Forex shortage worrisome

May 17, 2023 – The National Business


PAPUA New Guinea’s foreign exchange shortage is causing higher imports and low exports, an economist says.

Australia National University (ANU) Development Policy Centre director Professor Stephen Howes speaking at the 38th Australia-PNG Business Forum and Trade Expo in Port Moresby said: “The country is faced with a foreign exchange (forex) shortage largely because PNG lost its competitive and hardline economic gains from the 1990s during the resource boom between 2000 and 2014.”

Howes said that while this was understandable and saw the economy and forex grow at similar rates following the boom the real exchange rate remained relatively high over the last 10 years boosting the economy but also contributing to the forex shortage.

A shortage of foreign exchange is a decrease in a country’s supply of foreign currency which is used by businesses for trade, and is caused by an underdeveloped manufacturing sector.

“The PNG Kina has depreciated from 2013 to 2020 according to statistics from the Bank of Papua New Guinea (BPNG), however the real exchange rate has remained high,” Howes said.

The depreciation of the Kina was caused by an increase in imports and inflation and this has affected the country in the last decade with the highest depreciation recorded at 14 per cent at the end of 2015, according to BPNG statistics.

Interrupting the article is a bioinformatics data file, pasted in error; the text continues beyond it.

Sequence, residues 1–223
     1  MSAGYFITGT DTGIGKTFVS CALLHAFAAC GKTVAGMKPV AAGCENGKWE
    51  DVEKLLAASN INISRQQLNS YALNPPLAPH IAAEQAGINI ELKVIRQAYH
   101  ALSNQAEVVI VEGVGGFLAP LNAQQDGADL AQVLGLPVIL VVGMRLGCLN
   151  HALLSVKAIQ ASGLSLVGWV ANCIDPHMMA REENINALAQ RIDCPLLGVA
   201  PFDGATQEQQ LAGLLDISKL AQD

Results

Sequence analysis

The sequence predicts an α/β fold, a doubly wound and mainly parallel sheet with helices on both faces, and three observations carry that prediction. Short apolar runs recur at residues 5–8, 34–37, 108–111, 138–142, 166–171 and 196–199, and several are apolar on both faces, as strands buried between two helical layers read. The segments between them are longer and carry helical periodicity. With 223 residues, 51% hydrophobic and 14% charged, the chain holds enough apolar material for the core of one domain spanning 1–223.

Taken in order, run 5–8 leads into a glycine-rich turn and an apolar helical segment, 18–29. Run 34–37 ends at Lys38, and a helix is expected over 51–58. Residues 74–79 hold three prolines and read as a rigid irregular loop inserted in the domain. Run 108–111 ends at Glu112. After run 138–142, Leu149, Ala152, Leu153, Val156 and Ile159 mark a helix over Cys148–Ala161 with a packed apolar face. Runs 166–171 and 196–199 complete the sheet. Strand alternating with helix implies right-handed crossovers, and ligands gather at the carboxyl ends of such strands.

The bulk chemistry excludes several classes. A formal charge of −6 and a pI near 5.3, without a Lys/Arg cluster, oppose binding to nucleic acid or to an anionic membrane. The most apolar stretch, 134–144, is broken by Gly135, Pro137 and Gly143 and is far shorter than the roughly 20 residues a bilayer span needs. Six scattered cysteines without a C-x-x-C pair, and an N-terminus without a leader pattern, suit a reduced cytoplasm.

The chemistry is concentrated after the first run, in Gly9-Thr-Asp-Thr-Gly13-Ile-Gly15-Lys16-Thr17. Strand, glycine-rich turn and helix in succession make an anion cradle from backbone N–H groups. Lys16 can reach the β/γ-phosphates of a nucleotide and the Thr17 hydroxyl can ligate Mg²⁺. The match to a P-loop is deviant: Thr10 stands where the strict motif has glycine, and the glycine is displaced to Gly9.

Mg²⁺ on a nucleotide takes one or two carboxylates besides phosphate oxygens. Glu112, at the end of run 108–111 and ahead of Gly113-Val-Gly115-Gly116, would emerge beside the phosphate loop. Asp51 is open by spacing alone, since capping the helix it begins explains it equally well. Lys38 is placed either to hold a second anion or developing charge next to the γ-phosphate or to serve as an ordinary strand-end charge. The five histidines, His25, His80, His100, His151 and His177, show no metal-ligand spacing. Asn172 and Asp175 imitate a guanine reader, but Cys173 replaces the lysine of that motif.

This was also the year the country hosted the 2015 Pacific Games with big spending on infrastructure – the country was virtually spending more than it was making.

Howes said in the last three years, the kina had hardly moved against the US dollar, however it did appreciate by 17 per cent over other currencies on a trade-weighted basis, which included a depreciation rate of zero per cent from the end of 2021 to September 2022.

He said the resource boom saw the creation of increased revenue for the country, however, the real exchange rate compensated for the shortages in the economy post resource boom, which greatly affected forex.

Howes said the Kina was floated in 1995 “to make PNG exports competitive on the international market. The Kina value is now determined by demand and supply in the foreign exchange market.

Howes explained that the BPNG exchange rate policy had no obligation to meet all market demand and the Central Bank did not ask buyers to bid for forex nor act as a price setter and this had led the “Kina being stuck” with the sole purpose of this policy to control inflation, but not growing the country’s forex for when the next resource boom happens.

Posted in: Papua New Guinea

Leave a Comment

This site uses Akismet to reduce spam. Learn how your comment data is processed.